Unemployment Map FAQs
- What is this a map of?
- This is a map of seasonally adjusted unemployment by county by month
in the United States. You can view it either as a population-based
cartogram or in an ordinary Mercator projection.
- What does "seasonally adjusted" mean? Why do you need to adjust?
- Many places have seasonal ups and downs. For example, there are
not many agricultural jobs in Minnesota in the winter. Counties
with large universities tend to have fewer jobs during the summer.
If you do seasonal adjustments, it is easier to see when a change
in unemployment is something to pay attention to and when it is
normal and expected.
- How did you do the seasonal adjustment? Why didn't you just
get those numbers from the Bureau of Labor Statistics?
- The Census Bureau does not provide seasonally adjusted numbers
at the county level, only at the national level. They use a
complex program called
to do seasonal adjustments. ARIMA has several parameters, and
it looks to me like the parameters would be different (and
require hand-tweaking) for each of the approximately 3100 counties.
Instead, I used a function built in to the
R statistical package
to smooth the
unadjusted by-county data
that I got from the Bureau of Labor Statistics.
- Why is the map all distorted?
- It is a population-based
meaning that the areas are distorted so that the area of each
county is proportional to the county's population.
- Why does the Continental US cartogram look so much bigger compared to
the standard (mercator) projection?
- Because it sucked up a lot of the pixels from Alaska. Alaska has
a huge land area, which looks even bigger than it really is because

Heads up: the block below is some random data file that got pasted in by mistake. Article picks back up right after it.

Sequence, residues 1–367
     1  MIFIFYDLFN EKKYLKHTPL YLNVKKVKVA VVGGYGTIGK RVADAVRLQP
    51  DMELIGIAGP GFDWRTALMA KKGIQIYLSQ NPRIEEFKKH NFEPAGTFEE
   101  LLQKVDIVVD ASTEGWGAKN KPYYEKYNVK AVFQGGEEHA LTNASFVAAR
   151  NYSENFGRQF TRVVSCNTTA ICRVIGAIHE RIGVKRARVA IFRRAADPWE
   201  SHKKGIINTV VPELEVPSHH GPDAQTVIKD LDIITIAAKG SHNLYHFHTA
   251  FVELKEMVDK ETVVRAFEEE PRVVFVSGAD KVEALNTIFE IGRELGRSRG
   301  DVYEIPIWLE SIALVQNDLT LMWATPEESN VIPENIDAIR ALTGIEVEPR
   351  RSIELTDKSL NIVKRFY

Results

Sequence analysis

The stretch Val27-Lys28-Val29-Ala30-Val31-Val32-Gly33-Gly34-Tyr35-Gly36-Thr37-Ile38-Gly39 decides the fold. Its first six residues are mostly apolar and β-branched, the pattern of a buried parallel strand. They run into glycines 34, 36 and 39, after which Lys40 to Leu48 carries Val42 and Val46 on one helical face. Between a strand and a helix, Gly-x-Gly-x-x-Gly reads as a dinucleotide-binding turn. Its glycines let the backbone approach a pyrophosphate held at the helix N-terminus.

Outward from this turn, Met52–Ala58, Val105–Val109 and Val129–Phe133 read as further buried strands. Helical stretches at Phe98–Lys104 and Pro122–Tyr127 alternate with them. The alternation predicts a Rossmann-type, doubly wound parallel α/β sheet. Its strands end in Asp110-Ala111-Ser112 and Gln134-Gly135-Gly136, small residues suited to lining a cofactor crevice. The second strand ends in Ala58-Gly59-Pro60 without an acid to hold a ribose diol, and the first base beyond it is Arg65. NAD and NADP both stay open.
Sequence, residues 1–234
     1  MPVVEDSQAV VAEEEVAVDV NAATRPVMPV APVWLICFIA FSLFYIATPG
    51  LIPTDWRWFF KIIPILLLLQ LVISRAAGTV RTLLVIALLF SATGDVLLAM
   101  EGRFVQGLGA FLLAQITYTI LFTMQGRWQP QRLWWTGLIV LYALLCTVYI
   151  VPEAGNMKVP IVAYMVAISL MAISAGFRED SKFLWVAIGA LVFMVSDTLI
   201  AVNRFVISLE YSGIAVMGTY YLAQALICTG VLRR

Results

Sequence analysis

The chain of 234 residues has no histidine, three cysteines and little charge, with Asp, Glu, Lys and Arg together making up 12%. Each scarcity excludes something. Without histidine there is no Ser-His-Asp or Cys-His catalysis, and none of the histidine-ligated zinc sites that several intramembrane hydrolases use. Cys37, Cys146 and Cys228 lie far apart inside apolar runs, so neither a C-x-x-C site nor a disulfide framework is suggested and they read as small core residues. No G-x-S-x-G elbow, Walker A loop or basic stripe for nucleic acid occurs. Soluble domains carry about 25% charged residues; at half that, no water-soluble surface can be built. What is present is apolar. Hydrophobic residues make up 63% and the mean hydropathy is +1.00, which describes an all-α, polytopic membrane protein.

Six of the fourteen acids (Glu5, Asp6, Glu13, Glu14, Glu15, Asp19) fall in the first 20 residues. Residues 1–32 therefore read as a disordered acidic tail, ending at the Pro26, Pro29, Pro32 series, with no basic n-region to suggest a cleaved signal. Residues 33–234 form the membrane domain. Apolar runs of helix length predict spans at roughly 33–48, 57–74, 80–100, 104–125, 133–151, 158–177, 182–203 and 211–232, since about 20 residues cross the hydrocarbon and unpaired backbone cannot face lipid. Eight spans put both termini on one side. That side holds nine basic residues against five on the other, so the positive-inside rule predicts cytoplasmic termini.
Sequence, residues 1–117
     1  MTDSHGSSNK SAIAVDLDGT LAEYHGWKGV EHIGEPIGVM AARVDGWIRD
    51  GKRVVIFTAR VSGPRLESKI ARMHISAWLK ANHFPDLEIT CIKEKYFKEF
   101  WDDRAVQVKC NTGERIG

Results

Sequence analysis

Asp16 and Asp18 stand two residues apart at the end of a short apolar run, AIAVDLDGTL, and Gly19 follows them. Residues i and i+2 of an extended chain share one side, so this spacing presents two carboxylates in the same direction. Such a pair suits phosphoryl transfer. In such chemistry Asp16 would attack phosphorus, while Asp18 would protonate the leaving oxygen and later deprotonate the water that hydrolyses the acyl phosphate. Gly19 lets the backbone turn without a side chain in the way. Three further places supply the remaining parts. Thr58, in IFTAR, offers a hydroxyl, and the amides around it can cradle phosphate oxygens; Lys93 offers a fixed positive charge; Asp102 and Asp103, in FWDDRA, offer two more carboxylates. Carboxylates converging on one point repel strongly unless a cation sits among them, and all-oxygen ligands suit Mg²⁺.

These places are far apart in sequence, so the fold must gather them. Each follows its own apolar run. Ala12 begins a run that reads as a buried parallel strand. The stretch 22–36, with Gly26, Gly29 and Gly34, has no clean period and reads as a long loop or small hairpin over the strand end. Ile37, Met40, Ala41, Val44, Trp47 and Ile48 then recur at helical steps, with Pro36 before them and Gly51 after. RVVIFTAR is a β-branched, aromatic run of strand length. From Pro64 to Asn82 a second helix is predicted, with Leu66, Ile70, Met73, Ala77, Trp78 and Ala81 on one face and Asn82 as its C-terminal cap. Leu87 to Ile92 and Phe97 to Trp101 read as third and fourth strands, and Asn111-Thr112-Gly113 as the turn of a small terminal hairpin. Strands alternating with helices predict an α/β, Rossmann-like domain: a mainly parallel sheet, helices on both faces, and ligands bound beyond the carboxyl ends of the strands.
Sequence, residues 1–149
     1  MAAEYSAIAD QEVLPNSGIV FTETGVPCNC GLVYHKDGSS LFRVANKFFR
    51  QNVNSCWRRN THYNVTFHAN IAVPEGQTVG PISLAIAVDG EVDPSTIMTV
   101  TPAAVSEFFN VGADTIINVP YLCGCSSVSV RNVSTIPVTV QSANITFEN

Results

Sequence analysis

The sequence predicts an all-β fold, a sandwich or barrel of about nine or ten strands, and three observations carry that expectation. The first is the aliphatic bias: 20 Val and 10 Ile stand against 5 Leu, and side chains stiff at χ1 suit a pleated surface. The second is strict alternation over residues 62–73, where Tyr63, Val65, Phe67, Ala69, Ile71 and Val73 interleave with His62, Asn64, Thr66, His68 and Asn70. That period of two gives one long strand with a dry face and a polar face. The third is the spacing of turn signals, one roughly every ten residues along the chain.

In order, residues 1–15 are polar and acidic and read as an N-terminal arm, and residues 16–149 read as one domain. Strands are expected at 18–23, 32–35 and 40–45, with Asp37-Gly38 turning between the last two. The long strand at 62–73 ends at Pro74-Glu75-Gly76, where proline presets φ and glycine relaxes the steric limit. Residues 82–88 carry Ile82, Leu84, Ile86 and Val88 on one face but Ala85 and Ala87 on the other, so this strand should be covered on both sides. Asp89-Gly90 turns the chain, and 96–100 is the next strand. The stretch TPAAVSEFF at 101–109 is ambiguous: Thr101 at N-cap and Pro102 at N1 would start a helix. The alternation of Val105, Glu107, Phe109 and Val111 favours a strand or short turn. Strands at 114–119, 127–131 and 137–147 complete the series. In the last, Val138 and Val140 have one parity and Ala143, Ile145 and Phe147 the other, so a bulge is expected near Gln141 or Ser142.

of the distortions from a Mercator projection. Meanwhile, Alaska
has a very low population compared to the Continental US, so the
Continental US essentially "sucked up" all the area from Alaska.
- Why didn't you just cut out Alaska then? Wouldn't that make it
- I did try it without Alaska, but that took a fair bit of extra work,
didn't change the shape of the Continental US states (just the
size), and Alaska is a legitimate member of the United States. Alaskans
have unemployment, too!
- Why do all the states look "fat"?
- They don't. Populous states -- which tend to be on the oceans
and so perhaps the ones you see first -- end up kind of fat-looking
because they suck up area from other states. However, states with
a low population end up looking scrawny. Not just Alaska, but the
northern mountain states (e.g. Wyoming and Montana) look sucked-in.
- Why do the city names appear and disappear as you move the map around?
- People did not build cities in locations which were convenient for
map makers. Dallas and Fort Worth, for example, are so close
together that showing both on a map (especially a non-cartographic
map) would be ugly and/or confusing. The Big Map Players probably
make lists of which cities to show at every zoom level. I'm sorry,
but I don't have the budget to do that.
Instead, I go through the cities in order of population. If I
come to a city which is too close to a city which has already has
its name on the map, I don't show that city's name. When I get
to 25 cities on the viewable map, I stop.
This means that if you move a city so that it is no longer visible,
that might "unblock" a smaller city. For example, if you move
the map to the right until New York isn't visible, Newark will probably
appear (at the default zoom level).
- Why don't all of the county borders get drawn sometimes?
- If the counties are too small, then the borders take up so much
of the room that it's hard to see the unemployment colour.